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Olympic boxer from Dartmouth discusses experiences with racism

Custio Clayton, a professional boxer from Dartmouth, N.S. and Olympic quarterfinalist at the 2012 Summer Games in London, discussed the challenges he’s faced as a Black athlete in a recent interview with the Dalhousie Gazette.

Clayton said there have been ups and downs throughout his career. He recalls a fight he had when he was 14 as a welterweight at the Halifax Forum — a fight which Clayton won. But it was strange; every time he threw a punch, there were boos.

“I think I was more shocked than anything because, at the time, I really hadn’t experienced anything like that,” said Clayton.

Racial profiling from police

Even his success in the ring didn’t make him immune to the ongoing systemic challenges Black Canadians face each day — including racial profiling by police officers.

That’s what happened in 2017, when Clayton was racially profiled by Montreal police, in which he said he was handcuffed and humiliated. He spoke with CBC about this shortly after the incident.

Clayton said he did not want to pursue legal action. Knowing what his cousin and fellow boxer, Kirk Johnson, went through in his legal battle with Halifax Regional Police after being racially profiled, he felt it would have been time-consuming given the commitments he had with his boxing career. Clayton was also concerned that pursuing the situation would have gone nowhere.

The 35-year-old recalled another experience of being racially profiled while in Mississauga, Ont. While with friends — also people of colour — police stopped him when he was a teenager, pointing guns at him.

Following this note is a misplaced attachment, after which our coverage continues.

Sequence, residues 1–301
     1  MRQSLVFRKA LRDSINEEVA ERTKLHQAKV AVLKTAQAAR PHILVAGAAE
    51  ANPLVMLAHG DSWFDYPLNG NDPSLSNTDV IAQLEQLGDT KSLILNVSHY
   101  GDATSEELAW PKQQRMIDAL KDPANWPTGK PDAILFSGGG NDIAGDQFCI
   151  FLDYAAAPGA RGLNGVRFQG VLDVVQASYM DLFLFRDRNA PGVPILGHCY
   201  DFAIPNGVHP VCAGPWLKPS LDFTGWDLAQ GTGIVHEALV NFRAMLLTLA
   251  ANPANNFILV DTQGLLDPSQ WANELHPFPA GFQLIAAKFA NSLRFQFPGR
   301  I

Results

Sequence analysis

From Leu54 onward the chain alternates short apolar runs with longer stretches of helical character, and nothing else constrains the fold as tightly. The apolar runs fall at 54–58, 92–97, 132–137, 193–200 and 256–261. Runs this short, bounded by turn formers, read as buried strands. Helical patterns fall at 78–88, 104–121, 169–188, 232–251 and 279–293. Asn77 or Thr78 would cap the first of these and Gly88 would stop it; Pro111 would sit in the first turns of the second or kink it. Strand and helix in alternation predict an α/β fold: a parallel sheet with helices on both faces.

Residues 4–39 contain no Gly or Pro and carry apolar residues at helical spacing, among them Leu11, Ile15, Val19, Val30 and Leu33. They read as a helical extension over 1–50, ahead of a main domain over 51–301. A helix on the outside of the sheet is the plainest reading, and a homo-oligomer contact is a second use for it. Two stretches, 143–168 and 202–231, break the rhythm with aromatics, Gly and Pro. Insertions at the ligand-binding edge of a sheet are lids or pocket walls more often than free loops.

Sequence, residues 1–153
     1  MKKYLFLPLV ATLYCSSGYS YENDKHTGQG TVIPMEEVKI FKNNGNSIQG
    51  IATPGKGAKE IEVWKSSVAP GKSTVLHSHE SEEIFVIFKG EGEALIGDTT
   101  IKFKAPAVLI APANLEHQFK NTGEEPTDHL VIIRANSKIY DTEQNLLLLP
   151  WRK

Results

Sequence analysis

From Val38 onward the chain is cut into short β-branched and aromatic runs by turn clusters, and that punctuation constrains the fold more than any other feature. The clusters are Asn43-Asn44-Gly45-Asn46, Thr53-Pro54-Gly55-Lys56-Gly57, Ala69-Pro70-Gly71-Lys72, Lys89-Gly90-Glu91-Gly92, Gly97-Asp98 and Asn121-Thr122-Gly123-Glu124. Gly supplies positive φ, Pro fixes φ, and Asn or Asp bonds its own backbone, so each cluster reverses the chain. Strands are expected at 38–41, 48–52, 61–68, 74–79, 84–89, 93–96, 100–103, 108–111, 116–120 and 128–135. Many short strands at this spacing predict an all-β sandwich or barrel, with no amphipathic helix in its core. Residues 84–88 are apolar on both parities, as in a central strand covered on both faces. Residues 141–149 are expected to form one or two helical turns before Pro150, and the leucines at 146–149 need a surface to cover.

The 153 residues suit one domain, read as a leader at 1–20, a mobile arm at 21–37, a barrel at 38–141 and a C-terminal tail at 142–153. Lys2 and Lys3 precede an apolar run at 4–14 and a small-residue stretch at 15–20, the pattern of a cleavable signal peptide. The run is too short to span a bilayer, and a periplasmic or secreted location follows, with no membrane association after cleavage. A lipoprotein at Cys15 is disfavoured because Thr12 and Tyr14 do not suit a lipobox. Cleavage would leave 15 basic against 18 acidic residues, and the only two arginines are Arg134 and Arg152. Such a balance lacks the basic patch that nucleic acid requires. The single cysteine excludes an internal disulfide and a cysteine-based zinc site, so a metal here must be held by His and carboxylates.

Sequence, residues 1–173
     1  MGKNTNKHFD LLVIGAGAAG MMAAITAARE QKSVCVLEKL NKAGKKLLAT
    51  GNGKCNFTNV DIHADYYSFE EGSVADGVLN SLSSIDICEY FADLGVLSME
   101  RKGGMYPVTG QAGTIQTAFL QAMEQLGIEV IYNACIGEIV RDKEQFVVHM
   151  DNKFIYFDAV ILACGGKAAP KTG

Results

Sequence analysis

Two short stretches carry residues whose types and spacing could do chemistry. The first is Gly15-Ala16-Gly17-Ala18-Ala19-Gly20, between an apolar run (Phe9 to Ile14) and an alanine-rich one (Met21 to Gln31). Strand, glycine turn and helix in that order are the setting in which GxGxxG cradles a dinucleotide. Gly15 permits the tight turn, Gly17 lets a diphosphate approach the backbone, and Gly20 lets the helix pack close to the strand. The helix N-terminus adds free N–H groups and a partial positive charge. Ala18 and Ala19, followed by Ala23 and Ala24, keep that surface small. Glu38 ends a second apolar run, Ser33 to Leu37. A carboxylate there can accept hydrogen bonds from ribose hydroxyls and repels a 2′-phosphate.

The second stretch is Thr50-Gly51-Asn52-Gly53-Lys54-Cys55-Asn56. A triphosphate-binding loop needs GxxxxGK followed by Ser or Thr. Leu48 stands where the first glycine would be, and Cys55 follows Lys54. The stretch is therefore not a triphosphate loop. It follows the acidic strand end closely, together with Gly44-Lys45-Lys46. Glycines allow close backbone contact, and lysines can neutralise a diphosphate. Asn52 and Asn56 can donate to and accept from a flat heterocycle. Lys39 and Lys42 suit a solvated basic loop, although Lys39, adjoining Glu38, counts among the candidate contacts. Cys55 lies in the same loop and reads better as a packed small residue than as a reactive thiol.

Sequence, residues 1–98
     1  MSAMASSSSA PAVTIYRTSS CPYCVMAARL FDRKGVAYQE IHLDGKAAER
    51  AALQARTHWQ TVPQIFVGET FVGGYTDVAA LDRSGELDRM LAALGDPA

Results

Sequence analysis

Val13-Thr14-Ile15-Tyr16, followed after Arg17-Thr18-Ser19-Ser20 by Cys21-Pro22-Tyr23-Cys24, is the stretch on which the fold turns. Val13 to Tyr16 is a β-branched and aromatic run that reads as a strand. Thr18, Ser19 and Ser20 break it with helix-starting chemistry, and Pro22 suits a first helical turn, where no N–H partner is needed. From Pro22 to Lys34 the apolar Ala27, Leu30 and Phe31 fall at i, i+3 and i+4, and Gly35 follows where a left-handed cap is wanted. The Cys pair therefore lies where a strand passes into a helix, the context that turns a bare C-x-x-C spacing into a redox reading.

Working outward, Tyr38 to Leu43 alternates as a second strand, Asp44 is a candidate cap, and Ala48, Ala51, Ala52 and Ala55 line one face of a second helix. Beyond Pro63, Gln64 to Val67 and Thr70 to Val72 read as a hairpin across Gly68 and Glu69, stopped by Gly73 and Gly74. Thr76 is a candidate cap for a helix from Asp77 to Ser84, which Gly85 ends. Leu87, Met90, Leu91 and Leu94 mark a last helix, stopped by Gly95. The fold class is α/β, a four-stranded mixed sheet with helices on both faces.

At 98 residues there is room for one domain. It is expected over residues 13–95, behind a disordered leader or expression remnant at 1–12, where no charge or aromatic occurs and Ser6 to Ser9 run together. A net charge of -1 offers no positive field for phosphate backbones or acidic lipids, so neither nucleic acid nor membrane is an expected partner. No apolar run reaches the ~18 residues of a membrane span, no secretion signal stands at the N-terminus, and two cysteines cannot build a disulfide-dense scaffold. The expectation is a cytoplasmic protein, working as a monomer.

Pulling Clayton out of the car, the police said they were looking for someone. His friend spoke up and said the car was his, which Clayton was driving. Clayton said since he and his friends at the time were young, they just thought it was normal.

Clayton said this was not an isolated incident; he was pulled over by police in Mississauga multiple times without reasonable cause.

“You can’t just pull someone over because of what they look like,” he said.

A quarterfinalist in his 2012 Olympic Games boxing competition, Dartmouth’s Custio Clayton recalls experiences with racism both in and out of the ring. (Marcio Jose Sanchez/The Associated Press)

“Never give up”

The boxer said he would tell young Black athletes today in Nova Scotia they should maintain faith in themselves — and rise up against discrimination in sport and society.

“Believe in yourself and don’t let no one tell you that you can’t do something,” Clayton said. “I just find that for a lot of people, they give up when they fail and things don’t go their way. 

“Never give up because at the end of the day, there’s always something waiting for you, there’s always a plan for you. Just don’t give up.”

No matter Clayton’s position as a person of colour, he said there will always be potential negatives he will have to face because of his skin colour. But when he powers through these lows and is rewarded — through his success and sport and with family — he finds happiness.

“I think that no matter what, no matter what position you put yourself in, there’s always going to be negatives,” said Clayton. “I’m happy with what I’ve achieved and what I’ve done, what I’ve been doing; my kids are happy. The people who support me are really happy — that’s the main thing.”


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